21 September 2017

60 groups have written to the Ministry of Justice, flagging their concern about the government’s lack of support of United Nations recommendations to improve and progress human rights here in the UK. The recommendations come from the Universal Periodic Review, a UN process in which the human rights situation in all countries is monitored. Today, the UK government will appear in Geneva to formally confirm which recommendations it will support, and which it will not (by noting them).

Organisations such as the Child Rights Alliance for England, the Mental Health Foundation, Stonewall, Welsh Women’s Aid and HIV Scotland have been joined by many others to express concern that:

  • Only 42% of the 227 recommendations will be supported by the UK government. Similar Western European and Others countries support an average of 67% recommendations.
  • Concern that recommendations which reflect issues raised by the Joint Civil Society Report (submitted by BIHR and 75 others groups) are not to be accepted.
  • Particular concern that recommendations that which have not been accepted include those relevant to guaranteeing the future of the Human Rights Act (HRA), rather than amending or repealing it via a new bill of rights and recognising that the HRA gives effect to a range of international human rights laws 

Together we have called on the UK government to

  • Disseminate its report on which recommendations have been supported and the rationale for this to civil society groups it has engaged with and ensure this is easily accessible on www.gov.uk. So far, information about the adoption of the recommendations was only made available via the UN, not the UK government.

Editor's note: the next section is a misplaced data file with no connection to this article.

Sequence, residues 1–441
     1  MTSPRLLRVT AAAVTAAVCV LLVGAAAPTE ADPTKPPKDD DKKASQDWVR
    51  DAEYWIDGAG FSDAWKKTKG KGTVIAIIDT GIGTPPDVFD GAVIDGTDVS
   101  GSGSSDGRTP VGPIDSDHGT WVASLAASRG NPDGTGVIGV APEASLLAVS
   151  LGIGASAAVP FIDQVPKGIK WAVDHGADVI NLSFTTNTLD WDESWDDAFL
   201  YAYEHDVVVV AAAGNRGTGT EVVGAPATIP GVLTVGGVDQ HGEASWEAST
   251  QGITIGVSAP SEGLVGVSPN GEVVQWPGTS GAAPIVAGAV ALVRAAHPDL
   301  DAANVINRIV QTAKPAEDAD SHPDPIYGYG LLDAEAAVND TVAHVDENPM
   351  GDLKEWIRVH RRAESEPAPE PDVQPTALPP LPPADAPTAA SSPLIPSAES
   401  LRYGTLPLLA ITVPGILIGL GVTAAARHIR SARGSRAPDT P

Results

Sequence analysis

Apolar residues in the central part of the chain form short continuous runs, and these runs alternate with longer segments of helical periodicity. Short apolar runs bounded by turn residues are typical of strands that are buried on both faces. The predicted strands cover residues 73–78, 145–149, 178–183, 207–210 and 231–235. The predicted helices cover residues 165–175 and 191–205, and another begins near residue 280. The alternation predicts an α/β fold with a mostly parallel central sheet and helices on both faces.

• Commit to an implementation plan for how the recommendations will be progressed over the next four and half years, including:
    • a process for better and on-going engagement with civil society across the UK, including in the devolved nations, which enables the monitoring of progress and constructive dialogue using a variety of consultation, involvement and evidence gathering approaches;
    • a mid-term report (2019) as part of this implementation plan, not in lieu of it, to assess progress and ensure opportunities for engagement with civil society, and to review any change of position on recommendations not previously supported; and
    • consideration of how this links to UN treaty monitoring reporting and implementation of recommendations from those bodies.

What you can do

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